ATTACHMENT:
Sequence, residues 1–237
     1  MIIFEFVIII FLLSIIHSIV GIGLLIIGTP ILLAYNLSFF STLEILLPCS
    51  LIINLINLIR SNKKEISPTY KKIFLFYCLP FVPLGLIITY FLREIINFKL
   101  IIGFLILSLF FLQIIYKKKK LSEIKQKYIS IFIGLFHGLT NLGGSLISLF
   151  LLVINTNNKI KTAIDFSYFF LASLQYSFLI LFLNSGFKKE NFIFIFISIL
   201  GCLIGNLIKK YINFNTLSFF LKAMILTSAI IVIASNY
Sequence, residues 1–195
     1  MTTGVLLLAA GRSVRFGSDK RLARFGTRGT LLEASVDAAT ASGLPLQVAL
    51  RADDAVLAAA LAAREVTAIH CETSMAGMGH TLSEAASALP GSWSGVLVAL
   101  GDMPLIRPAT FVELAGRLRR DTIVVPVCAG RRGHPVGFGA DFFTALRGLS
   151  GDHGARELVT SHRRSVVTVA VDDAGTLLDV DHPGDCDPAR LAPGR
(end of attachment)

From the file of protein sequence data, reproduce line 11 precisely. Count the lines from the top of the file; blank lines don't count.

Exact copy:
   151  GDHGARELVT SHRRSVVTVA VDDAGTLLDV DHPGDCDPAR LAPGR